World must act to secure food supply, says Benn

Environment secretary Hilary Benn has warned that the 21st century will be "defined by the search for food and water".

In a lecture to influential think-tank the Fabian Society, Benn called on world governments to adopt a Kyoto-style agreement to secure future food supplies. He said that the world needs to face up to the scale of the food problem and implement a long-term plan to deal with it.

Although he acknowledged that in order to secure food and water supplies, it is essential for world governments to reach an agreement on a climate deal in Copenhagen next year, Benn pointed out that "a climate deal cannot deal with all the problems we face" - such as uneven distribution of resources, export bans and unfair markets.

"We need to look at how we can build on the work of the World Food Programme, the Food and Agriculture Organisation and others to create a kind of new Kyoto - a global agreement to secure the future of our food," he said.

Pointing to the Food and Agriculture Organisation's latest report on the food crisis, which estimates that 40m more people have been pushed deeper into poverty and hunger, Benn said that the 'silent tsumami' caused by the sudden increase in food price "was a deafening warning to us all".

He argued that just as the 20th century was marked by the search for oil, the 21st will be defined by the search for food, adding that nations such as Saudi Arabia, China and South Korea have already started negotiations to lease tracts of farmland in other countries.

"This new Klondike rush for land tells us how the politics of food are changing, and we need to wake up," he said.

Benn predicted that, in the future, the world will be forced to produce more food on less land per person, a task threatened by "the perfect storm" of climate change, environmental degradation and water and oil scarcity.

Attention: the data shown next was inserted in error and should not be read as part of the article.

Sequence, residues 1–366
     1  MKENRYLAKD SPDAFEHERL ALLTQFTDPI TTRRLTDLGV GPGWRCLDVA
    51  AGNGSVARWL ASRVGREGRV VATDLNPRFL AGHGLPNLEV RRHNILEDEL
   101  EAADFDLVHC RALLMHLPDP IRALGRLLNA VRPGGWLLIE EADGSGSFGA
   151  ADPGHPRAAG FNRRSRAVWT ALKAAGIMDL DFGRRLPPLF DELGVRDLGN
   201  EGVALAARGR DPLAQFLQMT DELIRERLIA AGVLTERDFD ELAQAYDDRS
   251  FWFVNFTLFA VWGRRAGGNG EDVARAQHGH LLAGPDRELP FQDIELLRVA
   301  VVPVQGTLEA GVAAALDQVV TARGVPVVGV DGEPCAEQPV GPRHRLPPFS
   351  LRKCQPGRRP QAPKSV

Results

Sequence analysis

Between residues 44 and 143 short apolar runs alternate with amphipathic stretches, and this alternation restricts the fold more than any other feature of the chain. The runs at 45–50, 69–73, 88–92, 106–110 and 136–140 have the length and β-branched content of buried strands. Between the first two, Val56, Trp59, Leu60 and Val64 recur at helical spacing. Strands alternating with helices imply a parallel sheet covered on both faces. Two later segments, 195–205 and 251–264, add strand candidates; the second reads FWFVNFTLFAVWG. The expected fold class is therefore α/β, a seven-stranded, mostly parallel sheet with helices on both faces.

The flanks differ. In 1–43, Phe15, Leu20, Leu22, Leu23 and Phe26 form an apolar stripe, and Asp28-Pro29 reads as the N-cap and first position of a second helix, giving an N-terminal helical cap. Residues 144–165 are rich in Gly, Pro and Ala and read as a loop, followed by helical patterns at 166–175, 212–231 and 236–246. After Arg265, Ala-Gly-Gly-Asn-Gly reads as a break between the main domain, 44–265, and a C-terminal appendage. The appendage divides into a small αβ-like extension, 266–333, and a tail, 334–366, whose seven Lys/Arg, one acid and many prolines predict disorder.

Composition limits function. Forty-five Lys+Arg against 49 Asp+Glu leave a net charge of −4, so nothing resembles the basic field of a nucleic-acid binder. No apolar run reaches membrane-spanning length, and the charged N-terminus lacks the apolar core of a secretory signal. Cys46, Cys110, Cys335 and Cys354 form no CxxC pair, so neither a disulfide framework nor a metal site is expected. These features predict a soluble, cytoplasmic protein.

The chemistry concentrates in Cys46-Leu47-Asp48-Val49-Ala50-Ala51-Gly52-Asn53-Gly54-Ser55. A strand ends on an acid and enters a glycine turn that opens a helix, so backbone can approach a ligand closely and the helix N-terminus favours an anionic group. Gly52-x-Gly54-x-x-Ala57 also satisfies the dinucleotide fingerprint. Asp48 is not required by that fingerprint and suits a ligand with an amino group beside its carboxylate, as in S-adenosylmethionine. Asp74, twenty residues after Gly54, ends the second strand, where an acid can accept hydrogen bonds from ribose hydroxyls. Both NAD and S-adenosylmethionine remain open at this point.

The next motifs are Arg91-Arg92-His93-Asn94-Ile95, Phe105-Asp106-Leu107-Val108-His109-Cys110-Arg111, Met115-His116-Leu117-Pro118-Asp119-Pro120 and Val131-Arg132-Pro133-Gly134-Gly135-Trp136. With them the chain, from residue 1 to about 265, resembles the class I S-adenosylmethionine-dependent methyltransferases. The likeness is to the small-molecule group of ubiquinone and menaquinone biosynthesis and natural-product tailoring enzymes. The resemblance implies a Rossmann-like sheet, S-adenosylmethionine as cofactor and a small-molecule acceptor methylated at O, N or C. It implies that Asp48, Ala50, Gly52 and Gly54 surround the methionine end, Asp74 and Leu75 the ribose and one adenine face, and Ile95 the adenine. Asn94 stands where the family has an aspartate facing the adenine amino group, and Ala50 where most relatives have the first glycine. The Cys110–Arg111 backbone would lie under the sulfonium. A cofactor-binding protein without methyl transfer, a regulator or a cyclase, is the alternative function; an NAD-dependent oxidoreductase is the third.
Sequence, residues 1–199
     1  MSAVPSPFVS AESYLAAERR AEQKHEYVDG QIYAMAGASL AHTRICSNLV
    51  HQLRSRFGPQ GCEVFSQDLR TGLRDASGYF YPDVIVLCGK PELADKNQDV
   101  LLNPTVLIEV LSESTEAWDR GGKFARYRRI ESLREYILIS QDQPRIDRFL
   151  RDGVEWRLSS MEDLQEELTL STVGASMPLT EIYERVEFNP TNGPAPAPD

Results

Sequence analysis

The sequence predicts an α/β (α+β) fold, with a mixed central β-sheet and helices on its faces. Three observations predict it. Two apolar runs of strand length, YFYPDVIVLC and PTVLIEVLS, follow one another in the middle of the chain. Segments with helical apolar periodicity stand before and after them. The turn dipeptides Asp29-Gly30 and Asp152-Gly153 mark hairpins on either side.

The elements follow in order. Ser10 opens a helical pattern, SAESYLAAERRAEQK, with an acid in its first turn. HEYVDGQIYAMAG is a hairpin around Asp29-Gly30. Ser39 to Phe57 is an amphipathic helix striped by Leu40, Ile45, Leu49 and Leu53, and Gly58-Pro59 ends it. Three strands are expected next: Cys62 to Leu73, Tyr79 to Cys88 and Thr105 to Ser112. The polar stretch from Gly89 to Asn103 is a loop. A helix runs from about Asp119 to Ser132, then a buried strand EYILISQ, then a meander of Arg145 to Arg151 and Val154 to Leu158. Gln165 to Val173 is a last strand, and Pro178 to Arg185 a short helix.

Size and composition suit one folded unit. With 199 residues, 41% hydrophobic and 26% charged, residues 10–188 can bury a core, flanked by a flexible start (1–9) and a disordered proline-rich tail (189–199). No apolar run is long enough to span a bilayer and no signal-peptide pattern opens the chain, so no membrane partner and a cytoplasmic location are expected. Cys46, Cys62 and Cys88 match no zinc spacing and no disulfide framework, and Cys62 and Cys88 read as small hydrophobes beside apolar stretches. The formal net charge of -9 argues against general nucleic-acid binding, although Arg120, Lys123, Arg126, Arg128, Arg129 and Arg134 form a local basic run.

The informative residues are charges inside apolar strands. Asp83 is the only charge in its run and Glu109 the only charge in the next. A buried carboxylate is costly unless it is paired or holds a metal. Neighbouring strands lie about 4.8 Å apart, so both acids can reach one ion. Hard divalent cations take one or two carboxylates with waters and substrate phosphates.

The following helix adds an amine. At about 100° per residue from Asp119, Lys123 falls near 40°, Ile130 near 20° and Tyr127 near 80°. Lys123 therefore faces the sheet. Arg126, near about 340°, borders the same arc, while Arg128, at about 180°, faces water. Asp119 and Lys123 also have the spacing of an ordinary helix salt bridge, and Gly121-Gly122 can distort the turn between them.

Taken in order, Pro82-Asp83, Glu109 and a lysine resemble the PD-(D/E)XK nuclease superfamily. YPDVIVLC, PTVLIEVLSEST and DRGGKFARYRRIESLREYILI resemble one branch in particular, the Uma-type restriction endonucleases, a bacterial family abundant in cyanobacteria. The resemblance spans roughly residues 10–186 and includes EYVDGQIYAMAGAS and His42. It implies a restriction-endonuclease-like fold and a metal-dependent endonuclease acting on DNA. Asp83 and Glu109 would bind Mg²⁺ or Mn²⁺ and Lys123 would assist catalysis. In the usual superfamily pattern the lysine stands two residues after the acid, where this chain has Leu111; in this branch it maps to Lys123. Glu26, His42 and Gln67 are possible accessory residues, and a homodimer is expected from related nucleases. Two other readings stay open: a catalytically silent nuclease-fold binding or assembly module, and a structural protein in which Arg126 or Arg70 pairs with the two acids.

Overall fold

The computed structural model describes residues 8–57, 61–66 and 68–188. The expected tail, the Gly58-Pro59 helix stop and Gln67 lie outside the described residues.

He warned against protectionism, adding that although domestic food production is important, "we cannot and should not look to the UK for all the food we need."

Instead, he said, the UK should look to maintain the security of its supply sources and create a stable food market, which can meet global demand for future generations.

In order to guarantee food security, Benn said that the UK needs to work with developing countries to help them raise agricultural productivity and erase inequality, implement a fairer global trading system and improve sustainability of production.

"British agriculture has led the world on many occasions in the past, and we need it to do so again on sustainable agriculture," he said, urging consumers to buy more local, seasonal food, grow their own vegetables and reduce food waste.

Most importantly of all, he said that the world must agree on an international action plan to ensure future food security for all.

"The plain, simple, unarguable truth is that, in the 21st century, it is wrong that anyone should go to bed hungry at night," he said.

"It is our responsibility to make sure that in the 21st century we make this poverty, and this hunger, history."

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